Curly Coated Retriever

Despite being the oldest of the Retrievers, Curlies are listed as a Vulnerable Native Breed. Find out everything you need to know about this wonderful dog in today’s guide.

 

Curly coated retriever against white background

Height: male 25-27 inches, female 23-25 inches
Weight: 27-43 kilos
Lifespan: 10-12 years
Pedigree? (registered with the KC?): Yes, this breed is registered with the Kennel Club.

Positives and Negatives

Check out the basic facts about the Curly Coated Retriever below:

Pros:

  • Can live on a boat, likes water
  • Adaptable to different living spaces and changes
  • Low grooming maintenance
  • Long waiting lists, not a common breed

Cons:

  • High exercise needs
  • Boisterous during their early years
  • Doesn’t like being left alone
  • Requires a firm owner due to their headstrong personality

Overview

Curly Coated Retrievers are a hunting and retrieving breed listed under the gun dog category. They would work on both land and water, in ice-cold temperatures which wasn’t an issue for this pooch. Thankfully, their coat allowed the breed to be more versatile. Common owners of this canine were English gamekeepers and poachers.

Whilst they are known for their adaptability, Curlies shouldn’t live in an apartment. They’re generally quiet indoors but will need an outdoor space they can access as and when they please. Curlies don’t like being left alone for long periods and will need someone by their side for most of the day.

A selective focus shot of an adorable curly-coated retriever

Some Curly-Coated Retrievers can be a little mouthy when growing up. Chewing and nipping whatever they fancy could become an issue. As the breed takes a little longer to mature, owners will need to balance their patience with training. For this reason, they won’t be able to work efficiently and independently until at least 3 years of age.

Finding Curly Coated Retriever puppies won’t be an easy task. As a Vulnerable Native Breed, waiting lists can be long. The chances of finding this dog in a shelter are slim, but there’s no harm in trying. If you’re serious about purchasing a Curly Coated Retriever then register your interests with reputable breeders.

History

Curly Coated Retrievers are thought to be the oldest out of the six retriever breeds. In 1874 the first stud book for pure breeds listed two Retrievers, the Flat-coated Retriever and the Curly-coated Retriever. Both are gundogs and were used to hunt and retrieve Waterfowl and Upland birds. England is their native country.

The now extinct English Water Spaniel is believed to be the Curlies ancestor. Poodles are also thought to have contributed to their development due to the tightness of the curls found in this Retrievers coat. It allowed the Curly Haired Retriever to work harder in the water thanks to the coat’s waterproof qualities.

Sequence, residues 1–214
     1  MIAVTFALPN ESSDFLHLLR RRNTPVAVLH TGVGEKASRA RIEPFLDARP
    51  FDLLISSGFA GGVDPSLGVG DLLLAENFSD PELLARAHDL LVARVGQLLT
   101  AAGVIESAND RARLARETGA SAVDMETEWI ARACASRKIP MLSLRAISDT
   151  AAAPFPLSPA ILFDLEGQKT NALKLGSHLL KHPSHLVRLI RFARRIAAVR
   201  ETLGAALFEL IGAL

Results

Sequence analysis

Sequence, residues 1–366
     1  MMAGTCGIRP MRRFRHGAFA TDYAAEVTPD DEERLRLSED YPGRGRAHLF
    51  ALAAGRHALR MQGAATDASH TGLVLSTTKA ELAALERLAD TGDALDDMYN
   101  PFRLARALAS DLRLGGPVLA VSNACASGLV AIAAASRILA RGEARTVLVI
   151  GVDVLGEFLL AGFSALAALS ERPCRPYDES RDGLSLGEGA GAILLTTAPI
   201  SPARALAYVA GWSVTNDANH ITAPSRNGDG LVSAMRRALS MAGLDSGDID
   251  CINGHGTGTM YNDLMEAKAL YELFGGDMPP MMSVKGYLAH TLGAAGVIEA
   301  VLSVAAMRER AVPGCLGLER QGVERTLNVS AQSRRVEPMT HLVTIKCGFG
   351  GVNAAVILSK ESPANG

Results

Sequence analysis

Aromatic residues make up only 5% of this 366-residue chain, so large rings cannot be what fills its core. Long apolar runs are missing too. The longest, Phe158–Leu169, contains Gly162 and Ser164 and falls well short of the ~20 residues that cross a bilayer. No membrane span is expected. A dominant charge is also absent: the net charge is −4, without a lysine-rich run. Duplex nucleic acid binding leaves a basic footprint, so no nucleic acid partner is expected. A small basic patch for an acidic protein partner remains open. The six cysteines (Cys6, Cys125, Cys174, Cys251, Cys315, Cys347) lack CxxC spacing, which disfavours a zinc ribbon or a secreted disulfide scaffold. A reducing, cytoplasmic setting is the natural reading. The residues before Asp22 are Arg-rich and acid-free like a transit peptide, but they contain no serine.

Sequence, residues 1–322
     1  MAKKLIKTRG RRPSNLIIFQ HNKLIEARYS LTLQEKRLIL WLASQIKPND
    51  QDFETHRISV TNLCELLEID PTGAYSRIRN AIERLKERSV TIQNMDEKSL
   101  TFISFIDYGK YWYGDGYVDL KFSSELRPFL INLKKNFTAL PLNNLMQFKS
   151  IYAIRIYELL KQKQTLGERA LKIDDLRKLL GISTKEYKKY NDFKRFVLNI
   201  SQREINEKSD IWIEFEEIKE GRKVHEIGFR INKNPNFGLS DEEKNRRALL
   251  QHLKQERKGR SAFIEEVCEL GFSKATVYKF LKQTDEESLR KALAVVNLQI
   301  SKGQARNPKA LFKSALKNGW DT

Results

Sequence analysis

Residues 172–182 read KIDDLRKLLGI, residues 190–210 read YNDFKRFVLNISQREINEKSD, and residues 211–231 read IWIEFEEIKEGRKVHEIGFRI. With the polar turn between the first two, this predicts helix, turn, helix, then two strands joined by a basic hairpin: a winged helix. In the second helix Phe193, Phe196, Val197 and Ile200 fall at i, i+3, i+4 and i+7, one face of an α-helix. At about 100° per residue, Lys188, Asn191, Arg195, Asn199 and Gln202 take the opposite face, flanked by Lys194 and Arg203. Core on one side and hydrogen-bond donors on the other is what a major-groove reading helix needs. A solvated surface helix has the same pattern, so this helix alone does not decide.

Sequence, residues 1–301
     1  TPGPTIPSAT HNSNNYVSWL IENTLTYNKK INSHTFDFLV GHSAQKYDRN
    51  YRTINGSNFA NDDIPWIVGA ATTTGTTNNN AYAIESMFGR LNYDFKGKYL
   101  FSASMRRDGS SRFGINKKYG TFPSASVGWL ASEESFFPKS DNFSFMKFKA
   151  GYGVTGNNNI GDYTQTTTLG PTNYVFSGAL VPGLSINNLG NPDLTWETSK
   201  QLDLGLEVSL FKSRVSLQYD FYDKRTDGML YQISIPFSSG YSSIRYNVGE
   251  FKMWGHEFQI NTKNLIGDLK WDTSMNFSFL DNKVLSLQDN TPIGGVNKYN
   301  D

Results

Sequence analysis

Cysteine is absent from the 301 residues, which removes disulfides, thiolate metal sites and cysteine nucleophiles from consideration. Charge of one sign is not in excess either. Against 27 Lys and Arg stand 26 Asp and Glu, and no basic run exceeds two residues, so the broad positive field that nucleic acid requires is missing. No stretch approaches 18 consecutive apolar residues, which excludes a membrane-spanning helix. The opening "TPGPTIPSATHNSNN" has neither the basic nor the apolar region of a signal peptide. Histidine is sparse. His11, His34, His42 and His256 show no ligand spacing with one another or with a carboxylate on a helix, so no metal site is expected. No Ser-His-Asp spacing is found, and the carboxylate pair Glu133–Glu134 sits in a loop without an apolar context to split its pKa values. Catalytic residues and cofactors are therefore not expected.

Unlike the rest in the Retriever family, this breed is distinguished by its curls. They’re also the tallest. During the 1800s Curlies were popular amongst gundog enthusiasts however not elsewhere. This led to the creation of The Curly Coated Retriever Club in England in 1890. In 1907 the first Curlie was introduced to America.

War and the introduction of Labradors and Golden Retrievers saw the Curlies numbers continue into decline. Only 5 were registered with the KC in 1919. The Kennel Club has since labeled this dog as a Vulnerable Native Breed. Despite this, they are still seen competing in dog shows such as Crufts and the Westminster Kennel Club Dog Show.

Related: Learn everything you need to know about the Glen of Imaal Terrier.

Personality

The Curly-coated Retriever takes a little longer to mature than other breeds. Some forms of puppy behavior may be experienced over the years so patience will be needed! Hard-working with a well-balanced temperament, Curlies make fantastic pets. They’re also known to be slightly more independent than other popular Retriever breeds.

Highly affectionate, the Curlie loves human attention! They’re high in energy and need an owner that can meet their activity needs. This pooch has the stamina to work in the field all day and can become bored if left with nothing to do.

Are Curly Coated Retrievers Good With Strangers?

Some Curlies may be friendly towards strangers whilst others may be suspicious. Depending on how they were socialized with people they don’t know determines which route they take.

Aggression isn’t a trait of this breed however some Curlies may be protective over their families. The breed is a great watchdog and will bark to alert their owners to anybody approaching the home.

A selective focus shot of an adorable curly-coated retriever

Are Curly Coated Retrievers Good With Children?

Older children are recommended for this breed.  They love to play interactive games with the younger members of the family out in the garden. Both will work to tire each other out! Curlies are more likely to guard their family compared to other Sporting dogs.